Jump to ContentJump to Main Navigation
Legacies of the International Criminal Tribunal for the Former YugoslaviaA Multidisciplinary Approach$
Users without a subscription are not able to see the full content.

Carsten Stahn, Carmel Agius, Serge Brammertz, and Colleen Rohan

Print publication date: 2020

Print ISBN-13: 9780198862956

Published to Oxford Scholarship Online: July 2020

DOI: 10.1093/oso/9780198862956.001.0001

Show Summary Details
Page of

PRINTED FROM OXFORD SCHOLARSHIP ONLINE (oxford.universitypressscholarship.com). (c) Copyright Oxford University Press, 2021. All Rights Reserved. An individual user may print out a PDF of a single chapter of a monograph in OSO for personal use. date: 07 May 2021

Vertical Inconsistency of International Sentencing? The ICTY and Domestic Courts in Bosnia and Herzegovina

Vertical Inconsistency of International Sentencing? The ICTY and Domestic Courts in Bosnia and Herzegovina

Chapter:
(p.405) 21 Vertical Inconsistency of International Sentencing? The ICTY and Domestic Courts in Bosnia and Herzegovina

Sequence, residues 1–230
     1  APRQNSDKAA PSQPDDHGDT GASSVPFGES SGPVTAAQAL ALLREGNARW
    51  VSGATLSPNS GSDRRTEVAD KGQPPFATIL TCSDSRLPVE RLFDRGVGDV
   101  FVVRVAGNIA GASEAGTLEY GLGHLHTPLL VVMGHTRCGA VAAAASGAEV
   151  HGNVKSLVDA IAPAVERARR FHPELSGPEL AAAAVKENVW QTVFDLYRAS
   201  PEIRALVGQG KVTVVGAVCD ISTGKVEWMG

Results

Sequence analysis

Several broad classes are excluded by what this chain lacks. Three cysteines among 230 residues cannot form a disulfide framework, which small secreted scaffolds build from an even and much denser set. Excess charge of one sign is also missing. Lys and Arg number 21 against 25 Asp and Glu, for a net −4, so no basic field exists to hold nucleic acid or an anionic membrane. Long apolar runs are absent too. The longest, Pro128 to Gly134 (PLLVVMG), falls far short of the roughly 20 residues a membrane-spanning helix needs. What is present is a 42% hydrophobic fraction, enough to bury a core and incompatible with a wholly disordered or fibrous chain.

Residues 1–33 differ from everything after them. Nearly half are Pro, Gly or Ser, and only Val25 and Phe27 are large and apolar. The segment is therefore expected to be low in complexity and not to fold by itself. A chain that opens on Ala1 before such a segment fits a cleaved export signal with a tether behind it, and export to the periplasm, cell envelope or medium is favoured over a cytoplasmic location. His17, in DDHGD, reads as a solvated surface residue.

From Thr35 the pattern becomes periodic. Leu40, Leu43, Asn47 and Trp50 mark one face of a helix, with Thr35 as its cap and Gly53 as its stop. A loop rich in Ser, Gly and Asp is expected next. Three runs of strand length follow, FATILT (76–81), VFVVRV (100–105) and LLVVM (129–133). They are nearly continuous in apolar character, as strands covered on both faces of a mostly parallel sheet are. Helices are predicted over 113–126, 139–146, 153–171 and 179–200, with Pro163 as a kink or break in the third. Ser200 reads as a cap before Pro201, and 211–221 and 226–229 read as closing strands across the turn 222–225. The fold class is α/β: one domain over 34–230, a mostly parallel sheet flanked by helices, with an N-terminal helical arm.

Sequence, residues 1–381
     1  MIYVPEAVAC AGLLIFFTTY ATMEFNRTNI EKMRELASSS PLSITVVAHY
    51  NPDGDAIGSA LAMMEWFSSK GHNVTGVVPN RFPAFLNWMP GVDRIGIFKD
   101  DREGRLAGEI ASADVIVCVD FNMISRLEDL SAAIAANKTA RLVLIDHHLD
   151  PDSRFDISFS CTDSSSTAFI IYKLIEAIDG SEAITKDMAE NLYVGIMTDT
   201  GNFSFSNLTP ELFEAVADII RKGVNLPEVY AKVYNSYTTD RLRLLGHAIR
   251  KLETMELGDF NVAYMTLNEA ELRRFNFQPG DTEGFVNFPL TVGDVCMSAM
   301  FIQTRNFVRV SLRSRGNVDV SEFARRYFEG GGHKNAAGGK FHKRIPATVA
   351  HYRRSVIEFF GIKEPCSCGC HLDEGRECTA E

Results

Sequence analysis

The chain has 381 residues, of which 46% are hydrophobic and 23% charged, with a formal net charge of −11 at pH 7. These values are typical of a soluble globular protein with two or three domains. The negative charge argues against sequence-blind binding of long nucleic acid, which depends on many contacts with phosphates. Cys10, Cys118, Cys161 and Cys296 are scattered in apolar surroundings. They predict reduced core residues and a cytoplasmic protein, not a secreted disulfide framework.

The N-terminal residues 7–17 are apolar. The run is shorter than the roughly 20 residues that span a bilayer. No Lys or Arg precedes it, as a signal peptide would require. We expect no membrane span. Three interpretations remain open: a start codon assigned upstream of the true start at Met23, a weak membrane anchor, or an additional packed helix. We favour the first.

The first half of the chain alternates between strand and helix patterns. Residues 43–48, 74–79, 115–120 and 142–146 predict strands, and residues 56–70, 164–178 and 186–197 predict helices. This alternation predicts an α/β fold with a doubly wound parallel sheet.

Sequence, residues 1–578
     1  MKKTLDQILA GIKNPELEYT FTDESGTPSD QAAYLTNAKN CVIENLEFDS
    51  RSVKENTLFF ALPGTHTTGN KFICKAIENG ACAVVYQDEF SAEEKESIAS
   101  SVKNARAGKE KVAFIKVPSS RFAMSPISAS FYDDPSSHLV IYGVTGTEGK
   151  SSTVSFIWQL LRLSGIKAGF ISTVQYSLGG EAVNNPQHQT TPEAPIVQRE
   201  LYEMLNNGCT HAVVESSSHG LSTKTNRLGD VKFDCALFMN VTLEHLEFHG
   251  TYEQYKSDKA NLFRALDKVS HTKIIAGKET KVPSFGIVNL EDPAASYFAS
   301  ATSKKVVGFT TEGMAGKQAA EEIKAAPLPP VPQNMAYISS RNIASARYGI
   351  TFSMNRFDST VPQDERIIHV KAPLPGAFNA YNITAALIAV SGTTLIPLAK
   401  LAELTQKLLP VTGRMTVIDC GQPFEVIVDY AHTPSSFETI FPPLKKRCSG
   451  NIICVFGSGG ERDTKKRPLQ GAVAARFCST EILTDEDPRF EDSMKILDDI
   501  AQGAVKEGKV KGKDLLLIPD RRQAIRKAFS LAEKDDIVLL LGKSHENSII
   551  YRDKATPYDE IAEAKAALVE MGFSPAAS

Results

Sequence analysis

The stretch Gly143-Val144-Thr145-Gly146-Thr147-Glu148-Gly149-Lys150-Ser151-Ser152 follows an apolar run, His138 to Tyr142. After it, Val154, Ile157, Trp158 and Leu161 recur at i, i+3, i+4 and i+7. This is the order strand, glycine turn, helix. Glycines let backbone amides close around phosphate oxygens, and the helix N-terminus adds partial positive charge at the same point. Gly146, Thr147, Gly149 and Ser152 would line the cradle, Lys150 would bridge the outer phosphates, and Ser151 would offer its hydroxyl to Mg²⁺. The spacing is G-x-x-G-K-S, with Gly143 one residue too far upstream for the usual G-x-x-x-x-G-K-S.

Source:
Legacies of the International Criminal Tribunal for the Former Yugoslavia
Author(s):

Barbora Holá

Publisher:
Oxford University Press
DOI:10.1093/oso/9780198862956.003.0022

Both legal scholars and the general public assume—on the basis of mainly anecdotal evidence—that sentencing at the International Criminal Tribunal for the former Yugoslavia (ICTY) and at the domestic courts is widely inconsistent. As ‘the most responsible’ are sentenced by the ICTY, their allegedly more lenient sentences easily fuel ideas of ‘those most responsible getting off the lightest’. However, no systematic empirical inquiry of sentencing of perpetrators of international crimes committed during the Bosnian war has ever been conducted. This chapter presents findings of an original empirical study comparing sentencing of defendants tried and convicted at the ICTY and those punished by the domestic courts in Bosnia. It discusses cross-fertilization, and discrepancies, between the sentencing jurisprudence and practice of the ICTY and national jurisdictions and refutes the allegations of vertical inconsistency of international sentencing.

Keywords:   ICTY, sentencing, inconsistency, Bosnian domestic courts, cross-fertilization

Oxford Scholarship Online requires a subscription or purchase to access the full text of books within the service. Public users can however freely search the site and view the abstracts and keywords for each book and chapter.

Please, subscribe or login to access full text content.

If you think you should have access to this title, please contact your librarian.

To troubleshoot, please check our FAQs , and if you can't find the answer there, please contact us .